An insurance agent obtained an agreed judgment against an LLC for unpaid policy premiums, and the LLC made partial payment and claimed it was no longer actively conducting business and had tendered the entirety of its assets. The insurance agent filed a motion to hold the LLC in contempt, and the court issued an order holding the LLC in technical contempt and ordering that the judgment be paid in 90 days. The issue was whether the LLC was required to pay the insurance agent the remaining balance based on a provision in the operating agreement that provided for routine capital calls of the members “to pay operating, administrative, or other business expenses which have been incurred, or which the Manager reasonably anticipates will be incurred” or whether dissolution of the LLC forestalled payment of the judgment. The court found that the provision in the operating agreement fell within the provision of the Kentucky LLC statute that allows members of an LLC to alter their limited liability in a written operating agreement. Because other provisions of the agreement addressing the limited liability of the members contained provisos referring to the capital call provision, the court rejected the argument that these other provisions overrode the capital call provision. The court also stated that the instant case was not about the personal liability of the LLC’s members, but rather involved an order against the LLC, a separate legal entity, to make a capital call for the purpose of complying with its obligations under the agreed judgment. The court pointed out that the dissolved LLC still existed, and the court agreed with the trial court that it was reasonable and possible for the LLC to obtain the funds necessary to pay the agreed judgment. The court stated that the LLC’s members or its manager must meet the mandates of the trial court order, and the court upheld the trial court’s finding of civil contempt.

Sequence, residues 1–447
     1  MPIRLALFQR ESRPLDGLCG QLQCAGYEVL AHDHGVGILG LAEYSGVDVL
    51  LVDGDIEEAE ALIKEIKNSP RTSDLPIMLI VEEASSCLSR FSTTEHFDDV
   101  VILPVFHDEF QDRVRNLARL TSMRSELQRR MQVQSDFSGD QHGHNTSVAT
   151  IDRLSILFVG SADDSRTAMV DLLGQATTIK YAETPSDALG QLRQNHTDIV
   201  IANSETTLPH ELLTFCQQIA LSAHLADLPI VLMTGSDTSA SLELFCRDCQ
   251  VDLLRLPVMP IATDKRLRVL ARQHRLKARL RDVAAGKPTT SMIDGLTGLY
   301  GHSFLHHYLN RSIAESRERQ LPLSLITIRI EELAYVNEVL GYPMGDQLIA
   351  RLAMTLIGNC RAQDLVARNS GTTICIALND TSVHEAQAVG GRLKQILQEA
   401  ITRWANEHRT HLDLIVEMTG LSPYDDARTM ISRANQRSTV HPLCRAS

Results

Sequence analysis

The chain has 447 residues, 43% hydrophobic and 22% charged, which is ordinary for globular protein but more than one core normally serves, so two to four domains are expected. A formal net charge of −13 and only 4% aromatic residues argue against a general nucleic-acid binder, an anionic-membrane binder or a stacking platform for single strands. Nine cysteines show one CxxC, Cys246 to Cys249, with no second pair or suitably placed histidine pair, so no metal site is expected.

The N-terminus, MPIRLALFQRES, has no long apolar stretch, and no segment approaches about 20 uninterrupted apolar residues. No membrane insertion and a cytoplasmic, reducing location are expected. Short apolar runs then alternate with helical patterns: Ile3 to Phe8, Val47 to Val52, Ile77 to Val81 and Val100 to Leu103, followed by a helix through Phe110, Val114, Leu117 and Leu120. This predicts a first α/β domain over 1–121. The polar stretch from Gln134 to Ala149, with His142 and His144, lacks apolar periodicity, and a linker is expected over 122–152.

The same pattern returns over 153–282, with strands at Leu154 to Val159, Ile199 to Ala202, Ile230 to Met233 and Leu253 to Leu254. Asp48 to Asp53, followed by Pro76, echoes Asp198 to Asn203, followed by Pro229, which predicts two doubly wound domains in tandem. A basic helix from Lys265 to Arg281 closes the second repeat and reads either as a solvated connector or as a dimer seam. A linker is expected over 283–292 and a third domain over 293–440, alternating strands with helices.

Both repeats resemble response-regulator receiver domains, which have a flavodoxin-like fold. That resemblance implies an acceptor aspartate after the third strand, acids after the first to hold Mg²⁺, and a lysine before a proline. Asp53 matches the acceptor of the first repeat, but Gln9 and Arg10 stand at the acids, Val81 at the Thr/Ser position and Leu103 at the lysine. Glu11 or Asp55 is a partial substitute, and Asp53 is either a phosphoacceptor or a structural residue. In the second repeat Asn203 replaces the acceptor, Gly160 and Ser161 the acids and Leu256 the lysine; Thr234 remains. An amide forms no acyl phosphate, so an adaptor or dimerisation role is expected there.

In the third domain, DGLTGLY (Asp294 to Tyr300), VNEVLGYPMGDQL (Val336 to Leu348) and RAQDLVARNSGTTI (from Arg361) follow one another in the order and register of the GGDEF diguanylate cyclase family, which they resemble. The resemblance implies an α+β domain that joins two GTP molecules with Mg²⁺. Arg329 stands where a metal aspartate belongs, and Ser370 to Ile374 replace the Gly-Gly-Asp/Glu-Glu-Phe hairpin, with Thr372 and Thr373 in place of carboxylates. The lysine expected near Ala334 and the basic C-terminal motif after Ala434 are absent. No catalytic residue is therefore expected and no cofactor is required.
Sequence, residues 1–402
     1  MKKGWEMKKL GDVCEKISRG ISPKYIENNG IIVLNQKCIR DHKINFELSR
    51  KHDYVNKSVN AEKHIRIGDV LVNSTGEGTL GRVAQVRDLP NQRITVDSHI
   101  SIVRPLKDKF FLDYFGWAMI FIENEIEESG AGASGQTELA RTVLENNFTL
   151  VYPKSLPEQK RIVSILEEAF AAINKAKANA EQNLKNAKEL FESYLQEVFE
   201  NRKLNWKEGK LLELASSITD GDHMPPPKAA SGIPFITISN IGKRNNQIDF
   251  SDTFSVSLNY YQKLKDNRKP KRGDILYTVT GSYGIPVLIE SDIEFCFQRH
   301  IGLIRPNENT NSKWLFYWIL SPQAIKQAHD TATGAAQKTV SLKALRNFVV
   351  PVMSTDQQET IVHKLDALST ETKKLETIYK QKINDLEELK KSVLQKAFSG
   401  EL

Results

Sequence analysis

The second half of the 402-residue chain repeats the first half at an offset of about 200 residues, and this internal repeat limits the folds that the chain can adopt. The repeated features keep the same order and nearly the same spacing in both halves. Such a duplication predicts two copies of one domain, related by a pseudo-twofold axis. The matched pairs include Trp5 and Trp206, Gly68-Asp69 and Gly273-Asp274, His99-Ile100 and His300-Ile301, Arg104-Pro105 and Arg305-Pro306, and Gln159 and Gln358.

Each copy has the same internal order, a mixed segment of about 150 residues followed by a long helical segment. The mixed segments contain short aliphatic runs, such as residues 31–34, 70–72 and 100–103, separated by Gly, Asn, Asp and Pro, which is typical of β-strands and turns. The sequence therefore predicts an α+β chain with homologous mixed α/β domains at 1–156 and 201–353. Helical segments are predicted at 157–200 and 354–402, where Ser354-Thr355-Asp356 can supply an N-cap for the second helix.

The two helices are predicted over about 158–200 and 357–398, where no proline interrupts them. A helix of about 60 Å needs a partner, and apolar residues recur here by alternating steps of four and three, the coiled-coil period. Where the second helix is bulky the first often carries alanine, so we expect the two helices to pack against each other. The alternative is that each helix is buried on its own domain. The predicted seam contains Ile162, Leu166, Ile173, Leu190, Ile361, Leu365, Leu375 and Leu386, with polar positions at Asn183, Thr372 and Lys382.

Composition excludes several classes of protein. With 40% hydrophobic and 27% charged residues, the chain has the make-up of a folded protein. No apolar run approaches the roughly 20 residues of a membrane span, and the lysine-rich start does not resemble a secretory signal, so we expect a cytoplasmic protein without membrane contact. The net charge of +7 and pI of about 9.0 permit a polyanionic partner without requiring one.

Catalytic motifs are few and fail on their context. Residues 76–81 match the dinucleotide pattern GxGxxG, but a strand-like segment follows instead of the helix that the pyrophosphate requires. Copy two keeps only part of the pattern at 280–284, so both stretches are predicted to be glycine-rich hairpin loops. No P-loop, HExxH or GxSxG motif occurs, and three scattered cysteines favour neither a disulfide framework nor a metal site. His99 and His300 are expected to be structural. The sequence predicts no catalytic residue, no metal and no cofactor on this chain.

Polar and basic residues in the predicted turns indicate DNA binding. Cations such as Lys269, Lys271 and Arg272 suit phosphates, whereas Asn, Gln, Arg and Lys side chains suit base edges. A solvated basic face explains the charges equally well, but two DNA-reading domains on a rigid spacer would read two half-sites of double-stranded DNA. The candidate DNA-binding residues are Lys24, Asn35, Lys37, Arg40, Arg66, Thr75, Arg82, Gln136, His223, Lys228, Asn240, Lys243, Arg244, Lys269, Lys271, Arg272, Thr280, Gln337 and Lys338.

Della Ratta v. Dyas

183 Md.App. 344, 961 A.2d 629 (Md. App. 2008)